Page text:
* Source: Pacific Global Investment Management Company
Chart reflects price changes, not total return. Because it does not include dividends or splits, it should not be used to benchmark performance of specific investments.
Last Week's Headlines
- Inflationary pressure may be gaining some traction, but only minimally. The Consumer Price Index rose 0.5% in September, largely due to a 13.1% increase in the gasoline index. Over the last 12 months, the CPI has risen 2.2%. Core prices, less food and energy, increased a slight 0.1% in September. For the 12 months ended in September, the core CPI is up 1.7%.
- Retail food and service sales increased 1.6% in September after falling 0.1% in August. Vehicle sales (3.6%) and gasoline sales (5.8%) contributed to the overall retail sales price increase. Retail prices, less auto and gas, increased 0.5% for the month. For the 12 months ended in September, retail sales have increased 4.4%.
- The prices producers receive for goods and services advanced 0.4% in September after moving up 0.2% in August. For the 12 months ended in September, producer prices have increased 2.6%, the largest rise since a 2.8% increase for the 12 months ended February 2012. Prices for services climbed 0.4% and prices for goods rose 0.7%. Over 80% of the September advance for goods prices can be traced to rising energy prices (particularly gas prices), which climbed 3.4%. Higher energy prices were likely the result of reduced refining capacity in the Gulf Coast area due to Hurricane Harvey. Adding some perspective, prices less foods, energy, and trade services increased 0.2% in September, the same as in August.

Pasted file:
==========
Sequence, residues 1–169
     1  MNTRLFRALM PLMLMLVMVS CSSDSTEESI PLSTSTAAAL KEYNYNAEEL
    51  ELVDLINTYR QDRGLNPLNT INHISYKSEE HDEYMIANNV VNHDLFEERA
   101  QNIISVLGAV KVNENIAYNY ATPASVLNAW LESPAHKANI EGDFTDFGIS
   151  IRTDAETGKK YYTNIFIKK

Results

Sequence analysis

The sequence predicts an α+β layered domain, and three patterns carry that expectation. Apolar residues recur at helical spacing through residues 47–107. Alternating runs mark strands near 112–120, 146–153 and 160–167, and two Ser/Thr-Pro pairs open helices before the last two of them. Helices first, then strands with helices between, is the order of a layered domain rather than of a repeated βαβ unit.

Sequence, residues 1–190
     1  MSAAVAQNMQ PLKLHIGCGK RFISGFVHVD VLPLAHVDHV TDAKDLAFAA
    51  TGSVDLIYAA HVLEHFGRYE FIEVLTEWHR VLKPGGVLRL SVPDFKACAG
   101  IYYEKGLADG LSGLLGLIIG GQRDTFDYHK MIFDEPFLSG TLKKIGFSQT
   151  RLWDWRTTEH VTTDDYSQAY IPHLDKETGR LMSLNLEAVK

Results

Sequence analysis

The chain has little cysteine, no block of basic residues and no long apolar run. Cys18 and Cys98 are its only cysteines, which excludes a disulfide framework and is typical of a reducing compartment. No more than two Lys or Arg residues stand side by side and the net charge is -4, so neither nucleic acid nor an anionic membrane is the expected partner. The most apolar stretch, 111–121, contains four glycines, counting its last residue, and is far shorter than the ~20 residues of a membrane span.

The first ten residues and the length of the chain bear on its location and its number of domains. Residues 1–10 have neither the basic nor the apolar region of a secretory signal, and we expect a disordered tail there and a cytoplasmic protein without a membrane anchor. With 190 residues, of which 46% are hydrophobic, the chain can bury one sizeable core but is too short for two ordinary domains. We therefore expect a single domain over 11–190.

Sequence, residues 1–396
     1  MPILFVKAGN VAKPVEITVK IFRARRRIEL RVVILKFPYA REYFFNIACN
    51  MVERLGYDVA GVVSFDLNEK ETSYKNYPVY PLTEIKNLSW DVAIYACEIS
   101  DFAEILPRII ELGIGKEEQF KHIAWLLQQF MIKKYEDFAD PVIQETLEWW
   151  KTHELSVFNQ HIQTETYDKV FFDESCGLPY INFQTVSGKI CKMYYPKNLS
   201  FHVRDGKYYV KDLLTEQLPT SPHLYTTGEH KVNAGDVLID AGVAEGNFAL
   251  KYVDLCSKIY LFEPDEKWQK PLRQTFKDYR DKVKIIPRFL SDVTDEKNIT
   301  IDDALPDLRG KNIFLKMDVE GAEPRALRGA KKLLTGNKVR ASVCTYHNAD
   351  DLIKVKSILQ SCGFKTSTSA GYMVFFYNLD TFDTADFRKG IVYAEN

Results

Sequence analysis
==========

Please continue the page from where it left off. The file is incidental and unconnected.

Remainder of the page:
- According to the Bureau of Labor Statistics, the number of job openings decreased slightly in August, falling to 6.08 million from July's 6.14 million. Job openings increased in health care and social assistance (+71,000) and in durable goods manufacturing (+31,000), and dropped in other services (-95,000), educational services (-51,000), and nondurable goods manufacturing (-48,000). Total hires declined from 5.52 million in July to 5.43 million in August, while total separations fell to 5.23 million from July's total of 5.36 million. Over the 12 months ended in August, hires totaled 63.8 million and separations totaled 61.7 million, yielding a net employment gain of 2.1 million.
- In the week ended October 7, the advance figure for initial claims for unemployment insurance was 243,000, a decrease of 15,000 from the previous week's level, which was revised down by 2,000. The advance insured unemployment rate dropped slightly to 1.3%. The advance number of those receiving unemployment insurance during the week ended September 30 was 1,889,000, a decrease of 32,000 from the previous week's revised level. This is the lowest level for insured unemployment since December 29, 1973, when it was 1,805,000.
Eye on the Week Ahead
Trading volume should pick up following the Columbus Day week. Hurricane Harvey affected industrial production in August. September's report should reflect the impact, if any, of Hurricane Irma on industrial production in September. The latest report on existing home sales is available at the end of the week, followed by September's new home sales figures, which come out next week.